John 1:37-41 The two disciples heard him say this, and they followed Jesus.  Jesus turned, and saw them following, and said to them, “What do you seek?” And they said to him, “Rabbi” (which means Teacher), “where are you staying?”  He said to them, “Come and see.” They came and saw where he was staying; and they stayed with him that day, for it was about the tenth hour.  One of the two who heard John speak, and followed him, was Andrew, Simon Peter’s brother.  He first found his brother Simon, and said to him, “We have found the Messiah” (which means Christ).
The second would-be disciple here was probably St. John, because of John’s habit throughout his Gospel of not naming himself (sometimes referring to himself as “the disciple whom Jesus loved”: 13:23; 20:2; 21:7, 20). Assuming this to be true, he would be a second disciple called before St. Peter.
Other prominent Protestant commentaries (at Matthew 10:2), over against Jason’s casual dismissal, agree that Peter being listed first was a significant factor, leading one to conclude that he was the leader of the disciples:
A comparison of the four lists of the Apostles (Matthew 10:2-4, Mark 3:16-19, Luke 6:13-16, Acts 1:13) brings out some interesting facts. (1.) The name of Peter is always first, that of Judas always last. In the former case we recognise acknowledged preeminence. (Ellicott’s Commentary for English Readers; my bolding)
The first is Simon. The further numbering of them ceases, for Matthew mentions them in pairs. The placing of Peter first in all the catalogues of the apostles (Mark 3:16 ff.; Luke 6:14 ff.; Acts 1:13) is not accidental (Fritzsche), . . . This accords with the pre-eminence which he had among the apostles as primus inter pares (Matthew 16:16 ff., Matthew 17:1. Matthew 24:19, Matthew 27:26; Matthew 27:37; Matthew 27:40; Luke 8:45; Luke 9:32; Luke 22:31 f.; John 21:15; Acts 1:15; Acts 2:14; Acts 5:3 f., Matthew 8:14, Matthew 10:5, Matthew 15:7; Galatians 1:18; Galatians 2:7), and which was recognised by Jesus Himself. For that they were arranged in the order of their rank is perfectly obvious, not only from the betrayer being uniformly put last, but also from the fact that in all the catalogues James and John, who along with Peter were the Lord’s most intimate friends, are mentioned immediately after that apostle (and Andrew). (Meyer’s NT Commentary; my bolding)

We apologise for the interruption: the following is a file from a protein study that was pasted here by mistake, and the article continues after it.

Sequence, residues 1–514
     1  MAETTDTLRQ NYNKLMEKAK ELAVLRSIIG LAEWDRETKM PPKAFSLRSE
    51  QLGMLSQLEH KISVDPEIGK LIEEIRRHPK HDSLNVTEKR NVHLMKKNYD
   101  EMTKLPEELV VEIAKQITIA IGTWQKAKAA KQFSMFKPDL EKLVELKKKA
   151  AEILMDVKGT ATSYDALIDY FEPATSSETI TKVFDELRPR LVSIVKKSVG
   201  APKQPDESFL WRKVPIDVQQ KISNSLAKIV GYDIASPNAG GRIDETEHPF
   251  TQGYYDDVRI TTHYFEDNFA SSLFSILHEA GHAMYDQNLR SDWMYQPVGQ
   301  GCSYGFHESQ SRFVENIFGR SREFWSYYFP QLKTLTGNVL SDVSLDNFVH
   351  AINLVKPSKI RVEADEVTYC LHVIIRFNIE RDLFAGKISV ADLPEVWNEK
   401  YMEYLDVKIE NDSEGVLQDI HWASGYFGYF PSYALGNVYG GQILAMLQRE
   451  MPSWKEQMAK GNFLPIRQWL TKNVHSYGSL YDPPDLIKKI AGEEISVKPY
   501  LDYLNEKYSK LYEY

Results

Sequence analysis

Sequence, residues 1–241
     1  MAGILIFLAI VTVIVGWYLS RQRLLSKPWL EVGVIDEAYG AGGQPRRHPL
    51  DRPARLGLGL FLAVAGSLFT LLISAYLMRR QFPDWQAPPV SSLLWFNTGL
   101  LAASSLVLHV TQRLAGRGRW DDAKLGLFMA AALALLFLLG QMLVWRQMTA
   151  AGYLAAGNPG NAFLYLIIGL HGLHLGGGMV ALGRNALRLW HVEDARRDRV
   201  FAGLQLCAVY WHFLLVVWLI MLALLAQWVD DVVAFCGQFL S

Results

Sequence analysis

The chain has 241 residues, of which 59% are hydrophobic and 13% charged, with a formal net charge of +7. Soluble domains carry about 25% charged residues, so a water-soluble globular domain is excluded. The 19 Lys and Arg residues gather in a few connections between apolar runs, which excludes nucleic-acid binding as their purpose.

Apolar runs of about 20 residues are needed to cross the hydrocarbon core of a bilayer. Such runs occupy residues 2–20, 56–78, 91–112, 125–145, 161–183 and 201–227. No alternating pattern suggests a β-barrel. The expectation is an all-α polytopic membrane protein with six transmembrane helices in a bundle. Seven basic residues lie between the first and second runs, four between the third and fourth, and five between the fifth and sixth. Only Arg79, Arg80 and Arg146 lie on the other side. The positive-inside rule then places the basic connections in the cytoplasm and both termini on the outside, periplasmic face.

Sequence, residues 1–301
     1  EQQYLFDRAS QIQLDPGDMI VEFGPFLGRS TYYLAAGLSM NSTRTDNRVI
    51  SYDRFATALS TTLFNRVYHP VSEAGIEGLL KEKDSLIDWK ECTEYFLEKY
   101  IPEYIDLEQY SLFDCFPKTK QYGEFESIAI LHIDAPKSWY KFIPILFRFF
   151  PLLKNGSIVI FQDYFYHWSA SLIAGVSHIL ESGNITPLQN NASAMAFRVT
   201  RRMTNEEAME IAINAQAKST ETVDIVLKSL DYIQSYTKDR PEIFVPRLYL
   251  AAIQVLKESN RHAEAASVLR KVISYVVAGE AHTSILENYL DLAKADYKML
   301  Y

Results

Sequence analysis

[A]t the head of the list stands Peter, first not only numerically (Meyer) but in importance, a sure matter of fact, though priestly pretensions based on it are to be disregarded. He is first in all the lists. (Expositor’s Greek Testament; my bolding)
. . . Peter is named first, not without an indication of rank . . . on the primacy of Peter, see Luke 8:45; Luke 9:32; John 1:42; Matthew 16:16; John 21:15; Acts 1:15; Acts 2:14; Acts 8:14; Acts 10:5; Acts 15:7. (Bengel’s Gnomen; my bolding)
Of the twelve (ver. 1, note) apostles (ver. 5, note) are these: The first. This, perhaps, refers to the order of call, Luke 5:1 (Nosgen), but more probably to the leading position that St. Peter held among the twelve. (Pulpit Commentary; my bolding)
The four lists in the gospels and Acts consistently have Peter first and Judas last, except for the list in Acts, in which Judas is irrelevant, but the lists are inconsistent in the middle.
Ellicott’s Commentary (on Matthew 10:2) notes in this regard:
(2.) All the lists divide themselves into three groups of four, the persons in each group being always the same (assuming that the three names, Judas the brother (?) of James, Thaddæus, and Lebbæus, belong to the same person), though the order in each group varies.
(3.) The first group includes the two sons of Jona and the two sons of Zebedee, whose twofold call is related in Matthew 4:18-21, John 1:40. In two lists (Mark and Acts) the name of Andrew stands last; in two (Matt. and Luke) that of John.
I think that is all the more reason to think that Peter always being first means something, as indeed, many Protestant commentators (such as the five cited above) have agreed. Other names appear in different places in the lists (to an extent, within sub-groups, yet Peter is always the first listed: the one certain constant. Surely this is significant.